In May of 2018, the Department of Health and Human Services (HHS) issued a final rule about drug price transparency in ads. The rule stated that drug companies must list the price of drugs covered by Medicare and Medicaid if the list price is equal to or greater than $35 for a one-month supply.
The rule came as part of an HHS blueprint endorsed by Trump that was meant to boost competition, enhance drug price negotiation, create incentives for lower list prices, and decrease out-of-pocket costs. The goal was to make drug companies be more transparent about their prices and practices.
Drug companies are required to list all potential side effects of a drug, which consumers are accustomed to seeing in fine print or hearing read through very quickly. However, when it comes to the price, that can often come as a huge surprise when they arrive at the pharmacy check-out counter.
What happened next?
Three large drug companies — Merck, Eli Lilly, and Amgen — launched a lawsuit against the transparency rule arguing that HHS did not have the authority and that it violated free speech. Broadcasting and advertising groups also advocated against the rule.
On July 8, 2019, federal judge Amit Mehta blocked the HHS final rule. He ruled that the HHS did not have the authority to issue such a rule without Congress authorizing it. “No matter how vexing the problem of spiraling drug costs may be, HHS cannot do more than what Congress has authorized,” Mehta wrote.
On January 12 of this year, the HHS took the drug makers to federal appeals court to fight it out, however judges were skeptical about the rule.
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Arguments against the rule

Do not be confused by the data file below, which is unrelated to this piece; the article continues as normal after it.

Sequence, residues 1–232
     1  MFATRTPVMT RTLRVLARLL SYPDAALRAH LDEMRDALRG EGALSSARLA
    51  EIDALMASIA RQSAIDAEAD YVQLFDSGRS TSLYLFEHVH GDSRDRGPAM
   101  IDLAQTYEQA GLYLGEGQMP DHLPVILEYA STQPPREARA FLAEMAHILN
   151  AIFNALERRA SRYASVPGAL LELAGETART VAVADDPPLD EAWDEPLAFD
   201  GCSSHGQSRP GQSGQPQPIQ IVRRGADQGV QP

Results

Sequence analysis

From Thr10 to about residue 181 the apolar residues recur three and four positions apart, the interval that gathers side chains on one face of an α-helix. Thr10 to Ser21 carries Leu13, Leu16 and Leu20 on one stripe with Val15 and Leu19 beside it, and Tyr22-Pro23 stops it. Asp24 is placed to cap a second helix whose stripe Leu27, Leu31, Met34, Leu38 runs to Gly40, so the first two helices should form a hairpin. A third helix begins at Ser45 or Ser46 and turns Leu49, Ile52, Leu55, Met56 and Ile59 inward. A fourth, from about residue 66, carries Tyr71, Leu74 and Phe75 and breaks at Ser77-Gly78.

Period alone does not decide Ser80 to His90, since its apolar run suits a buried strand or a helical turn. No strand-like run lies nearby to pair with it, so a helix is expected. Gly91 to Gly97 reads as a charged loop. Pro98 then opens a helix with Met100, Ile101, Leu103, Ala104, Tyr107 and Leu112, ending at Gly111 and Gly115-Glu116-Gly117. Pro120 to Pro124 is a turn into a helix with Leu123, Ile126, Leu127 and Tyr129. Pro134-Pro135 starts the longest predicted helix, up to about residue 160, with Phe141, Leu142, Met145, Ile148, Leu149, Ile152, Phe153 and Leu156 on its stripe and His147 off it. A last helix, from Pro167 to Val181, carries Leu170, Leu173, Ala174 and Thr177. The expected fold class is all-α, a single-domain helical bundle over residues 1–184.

Drug companies and the judges argue that the list price is not always what the patient will pay, which would lead to confusion. However that is not the case; the list price will give a person a good idea of what they will pay, and is often exactly what they will pay. Here’s why.
If a patient has a high-deductible plan, they pay the drug’s list price until they meet their deductible. If they have a Medicare Part D plan, the patient pays a percentage of the list price in coinsurance. And if a patient has no insurance or if the drug in question is not on their plan’s formulary, then the patient pays the list price.
AARP Advocacy and Congressional action
AARP has been advocating for transparency and putting drug prices in ads with their Stop Rx Greed campaign to help convince federal and state lawmakers to bring down the cost of drugs. “Improving transparency sheds the cloak of secrecy around drug prices by revealing valuable information to consumers and other stakeholders so they can seek viable, cost-reducing solutions,” AARP states.
As far as action by Congress, Senators Dick Durbin (D-IL) and Chuck Grassley (R-IA) have sponsored a bill that would require drug price transparency in TV ads, however getting the bill passed is another issue.
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